34 The Kingkiller Chronicles – Patrick Rothfuss
35 The Sword of Shadows – JV Jones
36 Drenai Saga – David Gemmell
37 Chalion – Lois McMaster Bujold
38 Discworld – Terry Pratchett
39 The First Law – Joe Abercrombie
40 Tyrants & Kings – John Marco
41 The Ruins of Ambrai – Melanie Rawn
42 Deryni – Katherine Kurtz
43 The Riftwar Saga – Raymond Feist
44 The Book of Words – JV Jones
45 The Liveship Traders – Robin Hobb
46 The Stones of Power – David Gemmell
47 The Symphony of Ages – Elizabeth Haydon
48 The Litany of the Long Sun – Gene Wolfe
49 Dune – Frank Herbert (& Brian Herbert & Kevin Anderson)
50 The Earthsea Cycle – Ursula Le Guin

Possible Future Entries on the list:
1 The Long Price Quartet – Daniel Abraham
2 The First Law – Joe Abercrombie
3 Mistborn – Brandon Sanderson
4 Acacia – David Anthony Durham
5 The Godless World – Brian Ruckley

Thursday, December 13, 2007

My Favorite Books

Okay, here it is....the not very long anticipated list of my top 60 fantasy books of all time. I'm not arrogant enough to consider this all-encompassing, as there are many fine authors I simply have not had the time to read yet. Also, there are many older works that I have not been able to obtain for a lengthy list of reasons - but I will work to eventually read many of these as well, and create a more fleshed out list of favorites. For now, this is what I have. More lists/updates to follow in the coming weeks.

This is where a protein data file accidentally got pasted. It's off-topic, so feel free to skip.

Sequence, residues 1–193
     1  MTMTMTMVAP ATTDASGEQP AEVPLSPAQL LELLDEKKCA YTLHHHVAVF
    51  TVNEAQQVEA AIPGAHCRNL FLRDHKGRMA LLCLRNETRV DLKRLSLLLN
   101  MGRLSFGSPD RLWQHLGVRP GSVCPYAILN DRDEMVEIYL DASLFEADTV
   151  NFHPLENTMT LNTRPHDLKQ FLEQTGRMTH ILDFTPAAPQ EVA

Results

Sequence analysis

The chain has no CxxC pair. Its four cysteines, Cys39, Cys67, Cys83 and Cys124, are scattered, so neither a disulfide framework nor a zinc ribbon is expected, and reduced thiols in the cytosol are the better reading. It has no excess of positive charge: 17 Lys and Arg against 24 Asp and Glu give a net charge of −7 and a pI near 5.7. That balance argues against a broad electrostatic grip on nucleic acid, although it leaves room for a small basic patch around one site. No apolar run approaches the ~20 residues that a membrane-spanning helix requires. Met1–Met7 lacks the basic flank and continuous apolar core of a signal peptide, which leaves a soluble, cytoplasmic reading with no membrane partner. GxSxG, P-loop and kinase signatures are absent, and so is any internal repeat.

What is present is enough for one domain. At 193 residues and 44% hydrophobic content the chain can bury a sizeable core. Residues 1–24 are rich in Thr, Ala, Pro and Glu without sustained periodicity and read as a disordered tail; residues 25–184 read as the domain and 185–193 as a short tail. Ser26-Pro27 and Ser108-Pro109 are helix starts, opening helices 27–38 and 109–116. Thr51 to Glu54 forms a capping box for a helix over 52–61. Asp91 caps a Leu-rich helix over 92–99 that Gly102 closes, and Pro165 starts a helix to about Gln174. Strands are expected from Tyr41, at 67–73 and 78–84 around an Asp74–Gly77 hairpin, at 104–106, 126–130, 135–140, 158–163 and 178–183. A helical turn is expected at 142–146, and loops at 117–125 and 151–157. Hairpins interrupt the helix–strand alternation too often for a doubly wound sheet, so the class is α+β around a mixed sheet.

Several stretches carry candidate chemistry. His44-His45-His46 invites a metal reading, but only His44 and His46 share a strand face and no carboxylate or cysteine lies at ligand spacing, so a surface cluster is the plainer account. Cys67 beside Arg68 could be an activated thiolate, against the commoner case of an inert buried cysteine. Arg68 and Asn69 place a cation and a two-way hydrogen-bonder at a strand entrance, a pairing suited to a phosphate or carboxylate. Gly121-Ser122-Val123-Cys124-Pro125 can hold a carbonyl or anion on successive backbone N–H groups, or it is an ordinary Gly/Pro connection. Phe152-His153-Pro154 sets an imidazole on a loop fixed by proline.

This list has been removed in order to avoid confusion and allow me to rectify some errors. Updated list above and those to follow will be much better.

Start of Something??

Alright, after much deliberation as to whether or not I can handle the responsibility of posting regularly on this site, or posting anything worthwhile for readers, or actually having readers....I am going to give it a go.
My purpose here is to give my own opinions of Fantasy and Sci-Fi literature, with occassional reviews or opinions outside the genre as well. I will post later today or tomorrow with my first real "post" on the blog.....and if anyone reads it, I'm sure they will have opinions about it. I will be posting a list of my favorite series, individual books, characters, stand-alone novels and some other interesting categories. I think anyone who reads this post will disagree with some, if not all, of what I have to say - and that's exactly how I want it. While I look forward to posting book reviews and opinions on new releases, etc.; what I am really hoping to create is a "guide" of some sort to the fantasy and sci-fi fields. No, it won't be an all-encompassing guide, nor will it represent any authority or facts...just my opinions about myriad subjects. Hopefully readers (again, if there are any) will be able to use this simply as a resource when they look for their next book purchase or seek a way to sort through their substantial "to be read" piles taking up space on their bookshelves or floors.
When I first started reading fantasy, I was fortunate enough to find the Terry Brooks forum ( where numerous forum members were kind enough to share their thoughts and opinions on authors and series that were available - and I used this resource every week for four years now. What I hope to provide is a "one stop shop" service similar to this resource for anyone else. I look forward to receiving input, opinions, arguments, and suggestions from anyone out there, and hope to serve fellow genre afficianados through this blog.
I'll be back soon.